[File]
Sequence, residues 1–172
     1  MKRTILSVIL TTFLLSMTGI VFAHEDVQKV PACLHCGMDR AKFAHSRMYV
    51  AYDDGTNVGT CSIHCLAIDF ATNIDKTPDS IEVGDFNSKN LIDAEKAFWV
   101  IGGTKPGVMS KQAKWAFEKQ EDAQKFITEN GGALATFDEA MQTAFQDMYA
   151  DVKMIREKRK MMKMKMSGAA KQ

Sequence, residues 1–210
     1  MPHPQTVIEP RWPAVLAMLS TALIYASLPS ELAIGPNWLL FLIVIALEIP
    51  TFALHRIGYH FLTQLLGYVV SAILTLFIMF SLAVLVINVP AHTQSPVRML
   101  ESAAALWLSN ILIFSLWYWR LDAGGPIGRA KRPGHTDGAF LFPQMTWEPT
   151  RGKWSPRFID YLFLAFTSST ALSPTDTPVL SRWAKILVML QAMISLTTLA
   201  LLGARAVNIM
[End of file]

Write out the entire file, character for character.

Sequence, residues 1–172
     1  MKRTILSVIL TTFLLSMTGI VFAHEDVQKV PACLHCGMDR AKFAHSRMYV
    51  AYDDGTNVGT CSIHCLAIDF ATNIDKTPDS IEVGDFNSKN LIDAEKAFWV
   101  IGGTKPGVMS KQAKWAFEKQ EDAQKFITEN GGALATFDEA MQTAFQDMYA
   151  DVKMIREKRK MMKMKMSGAA KQ

Sequence, residues 1–210
     1  MPHPQTVIEP RWPAVLAMLS TALIYASLPS ELAIGPNWLL FLIVIALEIP
    51  TFALHRIGYH FLTQLLGYVV SAILTLFIMF SLAVLVINVP AHTQSPVRML
   101  ESAAALWLSN ILIFSLWYWR LDAGGPIGRA KRPGHTDGAF LFPQMTWEPT
   151  RGKWSPRFID YLFLAFTSST ALSPTDTPVL SRWAKILVML QAMISLTTLA
   201  LLGARAVNIM